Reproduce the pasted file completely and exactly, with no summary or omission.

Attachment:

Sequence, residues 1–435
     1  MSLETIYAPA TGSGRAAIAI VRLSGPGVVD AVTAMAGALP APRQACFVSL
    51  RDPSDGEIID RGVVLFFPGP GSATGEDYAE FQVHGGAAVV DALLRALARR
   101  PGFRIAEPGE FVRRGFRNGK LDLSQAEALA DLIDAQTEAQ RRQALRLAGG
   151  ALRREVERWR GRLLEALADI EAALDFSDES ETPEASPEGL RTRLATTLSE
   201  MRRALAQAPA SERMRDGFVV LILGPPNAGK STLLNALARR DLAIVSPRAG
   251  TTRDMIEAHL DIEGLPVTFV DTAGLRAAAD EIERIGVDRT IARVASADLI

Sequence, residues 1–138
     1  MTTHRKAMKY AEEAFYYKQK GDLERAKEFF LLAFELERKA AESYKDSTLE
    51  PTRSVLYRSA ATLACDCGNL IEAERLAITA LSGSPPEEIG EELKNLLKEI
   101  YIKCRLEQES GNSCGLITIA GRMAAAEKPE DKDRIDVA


Sequence, residues 1–435
     1  MSLETIYAPA TGSGRAAIAI VRLSGPGVVD AVTAMAGALP APRQACFVSL
    51  RDPSDGEIID RGVVLFFPGP GSATGEDYAE FQVHGGAAVV DALLRALARR
   101  PGFRIAEPGE FVRRGFRNGK LDLSQAEALA DLIDAQTEAQ RRQALRLAGG
   151  ALRREVERWR GRLLEALADI EAALDFSDES ETPEASPEGL RTRLATTLSE
   201  MRRALAQAPA SERMRDGFVV LILGPPNAGK STLLNALARR DLAIVSPRAG
   251  TTRDMIEAHL DIEGLPVTFV DTAGLRAAAD EIERIGVDRT IARVASADLI

Sequence, residues 1–138
     1  MTTHRKAMKY AEEAFYYKQK GDLERAKEFF LLAFELERKA AESYKDSTLE
    51  PTRSVLYRSA ATLACDCGNL IEAERLAITA LSGSPPEEIG EELKNLLKEI
   101  YIKCRLEQES GNSCGLITIA GRMAAAEKPE DKDRIDVA